The La Jolla Playhouse, in La Jolla, California, a suburb of San Diego, will present the world premiere of a new play, “The Squirrels”, during its 2018-2019 season. The dates and casting have not been set yet.
“The Squirrels” by Robert Askins, directed by Christopher Ashley.
Winter is on its way, and the squirrels are restless. Mistrust is growing between the Grey Squirrels, who enjoy a rich cache of nuts, and the outcast, hungry Fox Squirrels. When a wily outsider ignites a savage war, the consequences are catastrophic. This epic play reveals the animal instincts driving us all.
The choice of species is fitting for the local given the squirrels in Southern California are primarily fox squirrels and gray squirrels.
An article on November 8 in the San Diego Union-Tribune says that Director Ashely calls the new work "playful and super-funny and unexpected in every possible way," and says that as with good sci-fi, the fantastical setup allows the piece "to explore our society with just enough remove that you can make bold, interesting statements. It’s squirrels in a tree, but you would recognize lots of things in this cultural moment."
Ashley noted that the costumes were not going to look like 'Disneyland', but they will convey an essential ‘squirrel-ness,’ to coin a term.
Tickets to the Playhouse’s 2018-2019 season are available only via subscription at the moment: (858) 550-1010 or lajollaplayhouse.org.
Keep tuned in as more news will be added here when it is available. It will be interesting to see how much the play’s costuming looks like fursuits.
War With the Newts is a theatrical adaptation of the satirical novel by Karel Čapek, who is known for popularizing the word "robot" through his play R.U.R. It was adapted by Professor Natsu Onoda Power and performed at Georgetown University.
The play consists of a series of vignettes depicting the events surrounding the uplifting of a species of hyper-intelligent newts. When they are first discovered, they are seen as an able-bodied workforce, but gradually they begin to see how they are being enslaved by humans, and rise up in revolution. The newts were portrayed by actors wearing kigurumi newt suits and fingerless arm-gloves, and they frequently stole the show from the human actors. I had the opportunity to see the play in its world premiere run at Georgetown University. For a new play, this had a remarkable level of polish, while at the same time being eclectic, energetic and engaging.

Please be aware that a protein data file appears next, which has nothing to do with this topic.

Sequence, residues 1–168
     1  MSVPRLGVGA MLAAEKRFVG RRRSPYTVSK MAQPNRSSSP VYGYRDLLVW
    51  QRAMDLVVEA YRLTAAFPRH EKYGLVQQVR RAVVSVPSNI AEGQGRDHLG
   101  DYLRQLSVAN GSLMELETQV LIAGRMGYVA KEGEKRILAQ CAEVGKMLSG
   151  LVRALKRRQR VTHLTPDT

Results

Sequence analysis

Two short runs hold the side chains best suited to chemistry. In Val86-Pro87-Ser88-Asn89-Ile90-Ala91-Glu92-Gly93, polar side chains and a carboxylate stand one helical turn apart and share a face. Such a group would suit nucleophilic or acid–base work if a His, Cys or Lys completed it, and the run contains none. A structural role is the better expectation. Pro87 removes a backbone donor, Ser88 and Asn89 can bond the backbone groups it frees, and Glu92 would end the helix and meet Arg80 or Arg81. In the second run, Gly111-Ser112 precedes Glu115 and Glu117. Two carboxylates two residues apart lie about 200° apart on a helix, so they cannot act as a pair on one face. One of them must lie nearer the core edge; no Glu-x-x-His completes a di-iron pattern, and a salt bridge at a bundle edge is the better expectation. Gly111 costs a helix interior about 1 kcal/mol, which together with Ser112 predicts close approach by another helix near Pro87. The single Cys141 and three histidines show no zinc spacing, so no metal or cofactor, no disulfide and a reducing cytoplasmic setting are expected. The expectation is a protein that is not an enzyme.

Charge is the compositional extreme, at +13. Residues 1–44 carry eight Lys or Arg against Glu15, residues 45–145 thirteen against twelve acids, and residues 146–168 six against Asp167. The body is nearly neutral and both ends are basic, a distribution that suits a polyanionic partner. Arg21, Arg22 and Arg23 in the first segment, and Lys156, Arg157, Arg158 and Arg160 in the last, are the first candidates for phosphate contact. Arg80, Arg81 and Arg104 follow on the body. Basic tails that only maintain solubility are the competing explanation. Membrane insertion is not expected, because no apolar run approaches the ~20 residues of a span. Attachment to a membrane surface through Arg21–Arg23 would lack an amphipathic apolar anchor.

A woman raised by furries, brings her fiance home for Thanksgiving to meet the family for the first time. Fur-larity ensures.
The play was first read in June 2012, and was presented as a radio play at Wild Nights in April. In contrast to Furry Tales – which held a reading at Anthrocon 2007, and left furs amused, but with reservations about the show's grounding – Fursona Non Grata has actual research behind it.
Playwright Jeff Goode created Disney's American Dragon: Jake Long and wrote The Eight: Reindeer Monologues. While demurring to identify as a furry himself, he attended Califur I, and was guest of honor at Rocket City FurMeet 2007 and Oklacon 2008; from this, he's put together a story which is, if fanciful, at least more of an exaggeration of reality than an apologetic for CSI's fursuit fetishists.